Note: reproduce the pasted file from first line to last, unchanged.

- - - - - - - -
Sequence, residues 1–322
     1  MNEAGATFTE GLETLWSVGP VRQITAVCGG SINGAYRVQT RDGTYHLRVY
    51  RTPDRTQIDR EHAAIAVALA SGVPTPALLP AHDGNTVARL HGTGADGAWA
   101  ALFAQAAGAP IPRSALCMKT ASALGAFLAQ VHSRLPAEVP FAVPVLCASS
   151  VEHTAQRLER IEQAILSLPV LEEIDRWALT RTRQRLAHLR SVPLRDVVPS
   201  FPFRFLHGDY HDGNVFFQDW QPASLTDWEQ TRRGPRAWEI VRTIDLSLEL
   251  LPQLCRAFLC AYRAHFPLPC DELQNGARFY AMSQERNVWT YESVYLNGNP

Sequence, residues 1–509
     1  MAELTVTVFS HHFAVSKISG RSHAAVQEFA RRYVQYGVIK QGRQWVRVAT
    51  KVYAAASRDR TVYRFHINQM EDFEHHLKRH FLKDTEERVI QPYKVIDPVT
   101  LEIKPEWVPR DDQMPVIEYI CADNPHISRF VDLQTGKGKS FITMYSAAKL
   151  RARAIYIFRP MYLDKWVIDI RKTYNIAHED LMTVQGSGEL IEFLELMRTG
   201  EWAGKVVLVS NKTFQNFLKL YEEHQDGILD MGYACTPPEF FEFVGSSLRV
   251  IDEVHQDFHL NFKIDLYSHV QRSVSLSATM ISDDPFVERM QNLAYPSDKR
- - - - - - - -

Sequence, residues 1–322
     1  MNEAGATFTE GLETLWSVGP VRQITAVCGG SINGAYRVQT RDGTYHLRVY
    51  RTPDRTQIDR EHAAIAVALA SGVPTPALLP AHDGNTVARL HGTGADGAWA
   101  ALFAQAAGAP IPRSALCMKT ASALGAFLAQ VHSRLPAEVP FAVPVLCASS
   151  VEHTAQRLER IEQAILSLPV LEEIDRWALT RTRQRLAHLR SVPLRDVVPS
   201  FPFRFLHGDY HDGNVFFQDW QPASLTDWEQ TRRGPRAWEI VRTIDLSLEL
   251  LPQLCRAFLC AYRAHFPLPC DELQNGARFY AMSQERNVWT YESVYLNGNP

Sequence, residues 1–509
     1  MAELTVTVFS HHFAVSKISG RSHAAVQEFA RRYVQYGVIK QGRQWVRVAT
    51  KVYAAASRDR TVYRFHINQM EDFEHHLKRH FLKDTEERVI QPYKVIDPVT
   101  LEIKPEWVPR DDQMPVIEYI CADNPHISRF VDLQTGKGKS FITMYSAAKL
   151  RARAIYIFRP MYLDKWVIDI RKTYNIAHED LMTVQGSGEL IEFLELMRTG
   201  EWAGKVVLVS NKTFQNFLKL YEEHQDGILD MGYACTPPEF FEFVGSSLRV
   251  IDEVHQDFHL NFKIDLYSHV QRSVSLSATM ISDDPFVERM QNLAYPSDKR